Education

Grey-Streaked Flycatcher

Birding Boot Camp: Baengnyeongdo May 8-12

John Kitcher, May 2024

I had the pleasure of spending a few days during the 2024 peak migration period in birding boot camp on Baengnyeongdo with Dr. Moores, Birds Korea’s Director. I say “boot camp” because I have only been birding for one year, and Dr. ‘Sergeant Major’ Moores had plenty of advice to offer to bring me up to speed, tips that I will share with you, dear reader.
The secret
“The reason I see more birds than other people,” confessed Dr. Moores to me on the first day, “is because I am quieter”. Such a simple but profound statement. Everywhere we went, we moved liked cats stalking our prey.
The walk
In the field you move slowly. You walk softly and as light footed as possible. When you reach for your binoculars, you s-l-o-w-l-y reach for them and s-l-o-w-l-y move them to your eyes. Your every action is being watched, and you must convince the birds that you are not a threat. When you see a bird you do not point! Birds are shy and do not want the attention. You do not talk needlessly, and if you must say something, you whisper.
The car
We drove almost everywhere with the windows down. We had several speeds: bird speed in bird-rich locations and in the rice fields (5 kph), ‘pressing-on’ speed for when we had to be somewhere but didn’t want to upset the birds (15 kph), and main road speed for when there was some traffic but also the possibility of some interesting birds (25 kph). By going at bird speed, Dr. Moores was able to identify by call/song more birds than I can count.

Identification: Structure, contrast, then plumage, including color
Structure: When we look at a bird, the first thing to do is determine their structure. Is the bird large or small, long-billed or short-billed, or built (for its species group or family) like a fridge or like a ballerina? Flycatchers are a good example. The Asian Brown Flycatcher is dainty and graceful looking while the Grey-Streaked Flycatcher is more robust and powerful looking. Also, look at how the bird moves and behaves because of their structure. A Pacific Swift is smaller and moves differently to a White-throated Needletail.

Contrast: Which points on the birds are high contrasting and which birds show little contrast ? Looking at this sparrow-sized bird, can you tell what the species is by looking just at contrasts?

Can you guess what it is? Perhaps a Manchurian Bush Warbler? [Dr Moores: “Yes…Korean Bush Warbler as we usually call this species – long-tailed, thin-billed, with a very pale throat, a vaguely paler belly and darker flanks, and a white supercilium above a dark eye-stripe…”)

Plumage & Colour: Lastly, look at the colours and details of the plumage. We do this last of all because the light can be difficult, colours can be hard to see properly and remember, and the brain can fill in the blanks, and add in colour that wasn’t even there/make you recall something you didn’t see, while forgetting all the other details.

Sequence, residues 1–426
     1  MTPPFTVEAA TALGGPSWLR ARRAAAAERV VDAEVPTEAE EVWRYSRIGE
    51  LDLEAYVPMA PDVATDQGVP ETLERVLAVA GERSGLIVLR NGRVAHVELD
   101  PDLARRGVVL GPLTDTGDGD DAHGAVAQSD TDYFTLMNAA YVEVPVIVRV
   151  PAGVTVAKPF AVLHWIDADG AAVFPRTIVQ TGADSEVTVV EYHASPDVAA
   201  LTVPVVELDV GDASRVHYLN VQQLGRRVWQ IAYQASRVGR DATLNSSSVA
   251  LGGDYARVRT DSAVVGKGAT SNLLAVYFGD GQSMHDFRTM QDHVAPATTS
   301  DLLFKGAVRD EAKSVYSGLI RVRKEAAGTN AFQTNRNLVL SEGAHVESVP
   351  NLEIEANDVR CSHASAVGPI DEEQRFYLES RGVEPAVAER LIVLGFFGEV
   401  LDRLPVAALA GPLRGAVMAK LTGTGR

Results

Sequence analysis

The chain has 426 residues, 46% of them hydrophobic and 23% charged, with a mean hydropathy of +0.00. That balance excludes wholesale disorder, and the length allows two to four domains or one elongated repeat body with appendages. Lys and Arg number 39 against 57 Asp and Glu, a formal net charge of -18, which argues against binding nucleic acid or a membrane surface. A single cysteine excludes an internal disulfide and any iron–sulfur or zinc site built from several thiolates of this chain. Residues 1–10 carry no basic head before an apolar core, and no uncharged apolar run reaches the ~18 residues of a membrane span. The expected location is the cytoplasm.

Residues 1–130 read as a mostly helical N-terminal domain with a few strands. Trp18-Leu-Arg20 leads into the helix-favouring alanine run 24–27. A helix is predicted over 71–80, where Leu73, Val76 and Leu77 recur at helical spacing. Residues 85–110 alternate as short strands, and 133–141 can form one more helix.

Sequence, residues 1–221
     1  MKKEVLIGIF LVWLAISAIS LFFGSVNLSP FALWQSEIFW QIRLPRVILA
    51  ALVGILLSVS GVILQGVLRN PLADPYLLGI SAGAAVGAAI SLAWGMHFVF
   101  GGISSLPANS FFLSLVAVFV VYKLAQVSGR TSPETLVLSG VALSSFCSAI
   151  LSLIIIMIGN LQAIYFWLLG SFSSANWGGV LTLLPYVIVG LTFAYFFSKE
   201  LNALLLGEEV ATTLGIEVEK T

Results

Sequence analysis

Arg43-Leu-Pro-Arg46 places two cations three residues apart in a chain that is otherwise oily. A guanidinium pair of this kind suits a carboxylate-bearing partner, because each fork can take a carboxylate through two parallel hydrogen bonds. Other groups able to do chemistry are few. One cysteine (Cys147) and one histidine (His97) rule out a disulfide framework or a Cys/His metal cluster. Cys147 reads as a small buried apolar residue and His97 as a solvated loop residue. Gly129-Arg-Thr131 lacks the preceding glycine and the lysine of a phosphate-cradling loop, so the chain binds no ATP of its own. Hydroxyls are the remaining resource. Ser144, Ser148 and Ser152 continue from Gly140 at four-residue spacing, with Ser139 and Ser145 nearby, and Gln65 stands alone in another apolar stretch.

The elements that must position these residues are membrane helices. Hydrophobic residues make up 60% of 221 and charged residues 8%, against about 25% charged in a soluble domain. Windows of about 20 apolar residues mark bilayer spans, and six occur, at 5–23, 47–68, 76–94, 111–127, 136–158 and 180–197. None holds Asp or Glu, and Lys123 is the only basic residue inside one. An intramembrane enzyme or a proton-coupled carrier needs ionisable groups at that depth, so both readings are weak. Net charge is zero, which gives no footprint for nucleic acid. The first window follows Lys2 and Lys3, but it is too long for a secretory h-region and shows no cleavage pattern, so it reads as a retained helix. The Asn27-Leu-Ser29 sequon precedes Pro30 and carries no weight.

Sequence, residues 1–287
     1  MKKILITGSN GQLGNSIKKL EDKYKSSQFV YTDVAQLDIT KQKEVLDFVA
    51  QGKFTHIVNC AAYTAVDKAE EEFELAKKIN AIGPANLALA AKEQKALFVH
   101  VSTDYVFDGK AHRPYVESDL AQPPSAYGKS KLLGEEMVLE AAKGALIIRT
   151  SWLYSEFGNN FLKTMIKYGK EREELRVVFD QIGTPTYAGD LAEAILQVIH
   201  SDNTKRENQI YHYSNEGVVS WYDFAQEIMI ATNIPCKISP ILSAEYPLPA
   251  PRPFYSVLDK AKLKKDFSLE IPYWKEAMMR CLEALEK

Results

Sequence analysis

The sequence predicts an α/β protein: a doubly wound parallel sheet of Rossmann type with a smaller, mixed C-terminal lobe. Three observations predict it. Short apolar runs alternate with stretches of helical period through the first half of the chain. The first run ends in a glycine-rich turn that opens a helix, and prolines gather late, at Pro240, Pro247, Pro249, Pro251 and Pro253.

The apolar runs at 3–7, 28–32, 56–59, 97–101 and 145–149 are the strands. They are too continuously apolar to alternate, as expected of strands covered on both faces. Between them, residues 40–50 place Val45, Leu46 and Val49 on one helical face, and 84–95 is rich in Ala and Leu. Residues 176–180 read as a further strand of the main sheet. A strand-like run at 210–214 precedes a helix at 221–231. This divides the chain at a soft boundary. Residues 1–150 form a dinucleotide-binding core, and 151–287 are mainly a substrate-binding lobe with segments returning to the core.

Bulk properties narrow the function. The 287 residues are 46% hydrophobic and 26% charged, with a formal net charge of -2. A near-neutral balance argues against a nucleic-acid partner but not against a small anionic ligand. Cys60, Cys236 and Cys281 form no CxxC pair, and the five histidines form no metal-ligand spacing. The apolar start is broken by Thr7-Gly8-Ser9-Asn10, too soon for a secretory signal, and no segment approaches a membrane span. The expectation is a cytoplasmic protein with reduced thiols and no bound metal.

Habitats: Wetlands
Wetlands are very attractive to birds. Driving at bird speed past wetlands we were on full alert for sandpipers. Wood Sandpipers tend to be in rice-fields in which there are lots of insects (look for dragonflies etc). Their calls also tend to attract other species, which also attract yet more birds. If there are Wood Sandpipers in a field, there is a better chance of finding other species. We saw a huge flock of Wood Sandpipers (278) during a rainy spell. And nearby was a Ruddy Turnstone, two Sharp-tailed Sandpipers, several Richard’s Pipits, and a lone, soggy Blyth’s Pipit.

Sentience
Birds are sentient and think. When you drive up to a junction in an unknown town, you have to stop and decide which way to go: left or right? A bird too will stop at a natural junction (such as where a river splits or an island ends) and spend time deciding his or her next step.
Now, imagine you are a bird and have just flown 180 km from China over the Yellow Sea from the Shandong peninsula in 3 or 4 hours and just seen land. What would you do? You are 1 km up, the tailwinds are strong, the sun is shining, and visibility is great. Why stop? You don’t. You keep on flying to North Korea because when the sun shines, make hay.
Now imagine you are flying over the sea and you get caught in rain. The wind becomes turbulent, visibility plunges, and you don’t know how much longer you can go on. You are exhausted! You see an island. You drop!

Exhausted Eastern Wagtail standing on the road
An exhausted Eastern Wagtail almost met its maker (your humble author’s SUV). Top marks to the navigator for spotting him.


Bird numbers tend to accumulate during bad weather and fall away during good weather for migration.
Another thing, bird species don’t all fly at the same speed. At the start of an arrival phase, egrets and shorebirds tend to arrive first, followed by slightly weaker flyers such as chats and flycatchers. The birds arrive and depart in waves.


I know there are many Birds Korea supporters out there. I hope that we can meet up from time to time to help build the community spirit, and put on trips for beginner birders to help set their field-craft in the right direction and ensure Bird Korea’s continuation.

Thank you again Dr. Moores for teaching me so much.

Other exciting birds seen on the trip…

The author..moving slowly!

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